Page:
Mrs maytrees and I went to see The Queen yesterday; not the real one
but the film, at the Wimbledon Odeon.
The action commences in the UK in 1997.
The great actress, Helen Mirren stars as the Queen with Michael Sheen
playing as the newly elected Prime Minister Tony Blair. I was not expecting
the film to be good, a good press revue may not accurately
mirror the film itself, but "The Queen" was excellent.
The Royal family was at the time, criticised for not being
in tune with their people's "grief" following on from
Princess Diana's death. Despite press headlines of the "aloofness" variety
and mountains of flowers being heaped outside the gates
of Buckingham Palace, its flagpole was bare; not even the Union Jack
at half mast, let alone the Royal Standard. Neither had any 'Royal' made a
statement or public pronouncement of grief.
Tony, the keen new PM knew his people better and set about convincing
the Royals to modernise. The Queen eschewed the modern trend
for wearing one's heart on one's sleeve or for "grieving" for someone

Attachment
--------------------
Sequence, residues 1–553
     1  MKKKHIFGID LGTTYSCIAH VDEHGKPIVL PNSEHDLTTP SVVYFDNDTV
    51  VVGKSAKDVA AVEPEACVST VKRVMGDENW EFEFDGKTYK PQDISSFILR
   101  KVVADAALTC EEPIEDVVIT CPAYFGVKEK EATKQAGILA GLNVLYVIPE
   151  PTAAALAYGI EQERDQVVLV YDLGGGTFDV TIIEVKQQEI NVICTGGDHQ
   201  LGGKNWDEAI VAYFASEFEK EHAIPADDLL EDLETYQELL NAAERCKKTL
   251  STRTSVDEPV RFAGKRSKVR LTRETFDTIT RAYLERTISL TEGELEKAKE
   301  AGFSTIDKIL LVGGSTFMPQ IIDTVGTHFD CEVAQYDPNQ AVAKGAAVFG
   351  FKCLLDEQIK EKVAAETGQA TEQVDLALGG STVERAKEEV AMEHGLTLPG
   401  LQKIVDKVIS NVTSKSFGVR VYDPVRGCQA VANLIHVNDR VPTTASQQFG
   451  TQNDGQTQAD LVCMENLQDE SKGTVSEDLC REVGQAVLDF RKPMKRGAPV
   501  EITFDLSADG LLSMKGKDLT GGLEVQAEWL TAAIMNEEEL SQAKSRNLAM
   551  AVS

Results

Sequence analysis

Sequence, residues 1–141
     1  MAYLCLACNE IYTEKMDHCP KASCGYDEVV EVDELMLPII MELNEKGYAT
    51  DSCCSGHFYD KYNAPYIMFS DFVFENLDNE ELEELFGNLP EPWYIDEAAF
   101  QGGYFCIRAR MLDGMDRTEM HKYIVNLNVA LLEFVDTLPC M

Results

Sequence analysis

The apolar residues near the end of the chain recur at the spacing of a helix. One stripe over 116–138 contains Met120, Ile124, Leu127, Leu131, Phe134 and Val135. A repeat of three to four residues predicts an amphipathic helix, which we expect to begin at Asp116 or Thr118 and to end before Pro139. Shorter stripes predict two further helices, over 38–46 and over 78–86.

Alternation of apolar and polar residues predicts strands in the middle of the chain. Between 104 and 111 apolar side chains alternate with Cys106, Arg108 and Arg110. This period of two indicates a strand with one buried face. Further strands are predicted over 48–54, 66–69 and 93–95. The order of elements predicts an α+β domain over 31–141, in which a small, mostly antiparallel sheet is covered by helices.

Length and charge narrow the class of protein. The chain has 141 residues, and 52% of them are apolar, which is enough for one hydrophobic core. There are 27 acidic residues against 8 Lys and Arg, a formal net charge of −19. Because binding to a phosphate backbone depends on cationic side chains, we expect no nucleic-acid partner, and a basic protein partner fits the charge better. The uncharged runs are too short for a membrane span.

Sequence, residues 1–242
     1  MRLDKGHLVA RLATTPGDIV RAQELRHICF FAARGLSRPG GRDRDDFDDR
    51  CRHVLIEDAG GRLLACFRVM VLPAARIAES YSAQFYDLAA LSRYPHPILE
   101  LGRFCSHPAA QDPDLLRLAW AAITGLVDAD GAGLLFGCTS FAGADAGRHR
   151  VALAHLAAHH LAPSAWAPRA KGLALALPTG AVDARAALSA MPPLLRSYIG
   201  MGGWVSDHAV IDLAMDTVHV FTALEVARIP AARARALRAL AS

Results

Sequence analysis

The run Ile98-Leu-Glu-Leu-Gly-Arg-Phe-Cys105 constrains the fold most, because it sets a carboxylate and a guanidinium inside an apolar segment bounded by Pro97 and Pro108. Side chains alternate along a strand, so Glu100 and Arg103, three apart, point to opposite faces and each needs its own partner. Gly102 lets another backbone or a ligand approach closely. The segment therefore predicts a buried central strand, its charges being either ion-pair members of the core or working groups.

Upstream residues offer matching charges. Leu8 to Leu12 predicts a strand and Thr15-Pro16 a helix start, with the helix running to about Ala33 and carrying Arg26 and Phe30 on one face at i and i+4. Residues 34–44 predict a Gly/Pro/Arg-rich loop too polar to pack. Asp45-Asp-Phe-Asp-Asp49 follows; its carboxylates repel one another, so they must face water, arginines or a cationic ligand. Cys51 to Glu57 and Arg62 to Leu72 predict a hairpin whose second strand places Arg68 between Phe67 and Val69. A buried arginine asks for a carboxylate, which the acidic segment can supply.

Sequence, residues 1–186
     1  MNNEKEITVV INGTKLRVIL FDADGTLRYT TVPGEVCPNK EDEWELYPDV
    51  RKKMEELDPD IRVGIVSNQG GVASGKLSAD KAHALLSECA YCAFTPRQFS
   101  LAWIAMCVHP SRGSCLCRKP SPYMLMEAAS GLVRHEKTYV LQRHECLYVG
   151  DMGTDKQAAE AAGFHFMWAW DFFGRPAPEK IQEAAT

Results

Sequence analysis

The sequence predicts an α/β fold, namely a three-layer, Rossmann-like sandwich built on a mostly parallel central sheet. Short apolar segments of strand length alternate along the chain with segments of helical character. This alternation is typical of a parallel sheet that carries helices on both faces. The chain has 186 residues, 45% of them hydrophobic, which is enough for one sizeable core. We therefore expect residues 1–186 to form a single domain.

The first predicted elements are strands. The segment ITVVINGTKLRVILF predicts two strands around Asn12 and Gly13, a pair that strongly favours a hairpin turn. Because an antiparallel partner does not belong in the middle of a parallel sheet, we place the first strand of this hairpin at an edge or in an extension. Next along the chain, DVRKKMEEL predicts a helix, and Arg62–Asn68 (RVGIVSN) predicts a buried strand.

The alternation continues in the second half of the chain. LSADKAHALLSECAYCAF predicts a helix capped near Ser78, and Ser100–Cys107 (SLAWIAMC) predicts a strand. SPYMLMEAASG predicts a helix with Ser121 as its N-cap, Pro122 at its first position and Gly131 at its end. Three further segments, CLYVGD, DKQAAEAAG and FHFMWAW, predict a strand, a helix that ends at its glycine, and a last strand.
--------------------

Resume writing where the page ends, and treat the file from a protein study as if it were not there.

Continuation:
one didn't know and believed the people would come to her point
of view in while.
A quietly dramatic scene took place when HM was stranded alone
when her Land Rover stuck in a river ford at Balmoral.
As she stepped out into the empty countryside,
for a moment she came face to face with a great stag
being hunted by a royal hunting party. The pressures
of office, her private grief and her awareness of the
plight of this magnificent creature, all coalesced into
tears - privately. She later visted the slaughtered
stag in a neighbouring estate - quite a poignant scene.
My own view is that the Queen's attitude at the time
was right and that the people's sentimentality was best not
followed. Leaders often need to guide their people
rather than follow them.
PM Tony, ever conscious of what the media might say, followed
public opinion and by virtue of his high, elected office,
the Queen was right to accept his advice. However
he was I believe wrong to give it.
A film with much to commend it.